When Keith Collins called on Kaplan Thompson Architects to design an outbuilding for his wife, Mary, it seemed like a straightforward commission. But almost immediately Collins, a repeat client, revealed a loftier goal: to create a beautiful, high-performance demonstration project that could help teach the industry about “net-zero” houses. “We did research and decided that we wanted a flexible building that was livable, affordable, sustainable, and replicable,” explains Phil Kaplan, AIA, LEED AP, principal of the Portland, Maine-based firm.

Collaborating with the client, Walpole, N.H.-based prefab manufacturer Bensonwood, and a variety of green engineers, Kaplan Thompson came up with the BrightBuilt Barn, a 756-square-foot, single-level outbuilding on the clients' property in Rockport, Maine. The structure is designed as a working studio, but Kaplan says it can easily be configured into a one- or two-bedroom house.

The 90 percent prefabricated barn measures 18 feet wide by 42 feet long and has a continuous, superinsulated R-40 shell. Its 2x6 exterior walls comprise blown-in cellulose insulation, timber-frame structural insulated panels, and triple-glazed windows. Built without a furnace, the barn has an air-to-air heat pump (which operates at temperatures as low as 0 degrees Fahrenheit), a 5-kilowatt photovoltaic system, solar hot water, and a heat recovery ventilator. “When you have a house this tight, you need [the ventilator] to bring fresh air into the building,” Kaplan says.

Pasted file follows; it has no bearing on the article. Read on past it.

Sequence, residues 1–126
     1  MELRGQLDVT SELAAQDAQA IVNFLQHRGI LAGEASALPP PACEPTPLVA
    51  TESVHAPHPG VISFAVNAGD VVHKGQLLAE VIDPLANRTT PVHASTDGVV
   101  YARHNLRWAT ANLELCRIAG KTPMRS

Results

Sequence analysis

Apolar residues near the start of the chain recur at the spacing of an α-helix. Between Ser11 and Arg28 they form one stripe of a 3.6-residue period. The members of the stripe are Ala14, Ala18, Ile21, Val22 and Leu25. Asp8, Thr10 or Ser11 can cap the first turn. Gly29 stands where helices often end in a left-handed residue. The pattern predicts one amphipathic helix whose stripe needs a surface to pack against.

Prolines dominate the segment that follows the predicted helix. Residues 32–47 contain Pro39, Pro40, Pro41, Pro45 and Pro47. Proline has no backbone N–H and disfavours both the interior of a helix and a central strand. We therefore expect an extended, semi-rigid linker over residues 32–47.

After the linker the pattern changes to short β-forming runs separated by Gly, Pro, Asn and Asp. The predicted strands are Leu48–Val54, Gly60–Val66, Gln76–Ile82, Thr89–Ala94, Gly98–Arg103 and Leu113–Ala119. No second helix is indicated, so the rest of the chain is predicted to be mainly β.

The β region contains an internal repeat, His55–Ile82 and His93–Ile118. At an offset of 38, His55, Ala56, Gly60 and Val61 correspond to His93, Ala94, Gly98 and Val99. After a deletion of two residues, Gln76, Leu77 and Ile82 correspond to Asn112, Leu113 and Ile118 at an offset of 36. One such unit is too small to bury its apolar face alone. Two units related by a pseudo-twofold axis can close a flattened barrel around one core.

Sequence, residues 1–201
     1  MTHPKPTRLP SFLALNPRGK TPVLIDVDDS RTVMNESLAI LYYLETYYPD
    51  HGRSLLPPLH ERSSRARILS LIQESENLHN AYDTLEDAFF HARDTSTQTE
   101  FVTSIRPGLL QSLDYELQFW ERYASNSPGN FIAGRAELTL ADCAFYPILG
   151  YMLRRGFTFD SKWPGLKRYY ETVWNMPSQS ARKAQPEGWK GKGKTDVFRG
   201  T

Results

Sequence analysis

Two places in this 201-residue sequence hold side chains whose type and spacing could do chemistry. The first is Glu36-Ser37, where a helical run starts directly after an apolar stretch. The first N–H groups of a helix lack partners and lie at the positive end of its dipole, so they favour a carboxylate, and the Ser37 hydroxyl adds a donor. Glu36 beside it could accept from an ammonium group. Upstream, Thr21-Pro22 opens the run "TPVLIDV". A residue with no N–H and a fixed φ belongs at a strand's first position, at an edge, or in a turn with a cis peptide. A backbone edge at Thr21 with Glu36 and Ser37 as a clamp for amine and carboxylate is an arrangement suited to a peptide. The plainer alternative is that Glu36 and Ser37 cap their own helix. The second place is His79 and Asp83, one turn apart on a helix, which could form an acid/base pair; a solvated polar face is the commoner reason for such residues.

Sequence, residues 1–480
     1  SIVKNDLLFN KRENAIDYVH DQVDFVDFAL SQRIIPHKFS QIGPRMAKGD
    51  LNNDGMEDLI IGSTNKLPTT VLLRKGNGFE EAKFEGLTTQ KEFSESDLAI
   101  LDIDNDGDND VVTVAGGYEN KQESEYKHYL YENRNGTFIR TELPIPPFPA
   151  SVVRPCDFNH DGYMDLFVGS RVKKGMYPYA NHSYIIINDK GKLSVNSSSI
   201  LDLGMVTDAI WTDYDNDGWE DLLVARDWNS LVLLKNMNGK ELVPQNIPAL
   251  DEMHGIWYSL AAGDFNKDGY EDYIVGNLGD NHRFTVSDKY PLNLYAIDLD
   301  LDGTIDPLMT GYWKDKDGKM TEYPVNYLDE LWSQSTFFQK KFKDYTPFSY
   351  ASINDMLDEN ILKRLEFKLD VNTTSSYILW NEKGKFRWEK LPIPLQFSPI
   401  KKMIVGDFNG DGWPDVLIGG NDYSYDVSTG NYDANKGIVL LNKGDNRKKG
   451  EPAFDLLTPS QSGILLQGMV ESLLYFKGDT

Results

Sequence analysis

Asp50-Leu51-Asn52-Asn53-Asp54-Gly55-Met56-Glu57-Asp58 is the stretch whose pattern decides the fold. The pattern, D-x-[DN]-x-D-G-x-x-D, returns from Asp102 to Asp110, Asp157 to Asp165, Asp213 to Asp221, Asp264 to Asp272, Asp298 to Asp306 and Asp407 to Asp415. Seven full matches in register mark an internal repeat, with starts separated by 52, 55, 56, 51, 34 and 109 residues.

One of the project's most exciting features is its real-time energy feedback system. A series of LED lights installed around the base and inside the structure are programmed to glow in three colors that signify current energy usage levels. Bulbs turn green when the building is using less energy than it's producing, yellow when it's borderline, and red when it exceeds net-zero goals. Live feedback encourages human modulation of energy use, Kaplan Thompson argues, and has been shown to reduce electricity costs by up to 12 percent. In addition to the lights, a large meter on the structure's front façade monitors energy use and consumption and displays the information on the BrightBuilt Barn blog (www.brightbuiltbarn.blogspot.com).

Since completing the original BrightBuilt Barn, Kaplan Thompson and Bensonwood have transformed the concept into a product line that can be purchased at a base price of less than $200,000 (not including site and foundation work and other essentials). Several upgrade options also are available.

Kaplan says the project team hopes to be able to offer the plans and specs online by summer “so people can build their own” BrightBuilt Barns. But there will be a caveat: “They must agree to log their [homes' performance] data on the website,” he says, adding that such information-sharing is what the barn is all about.

As his firm sees it, performance data from other BrightBuilt Barns will “stop our guessing at the combinations of systems and assemblies that will eventually bring us to attainable, carbon-free homes” and at long last make them a reality.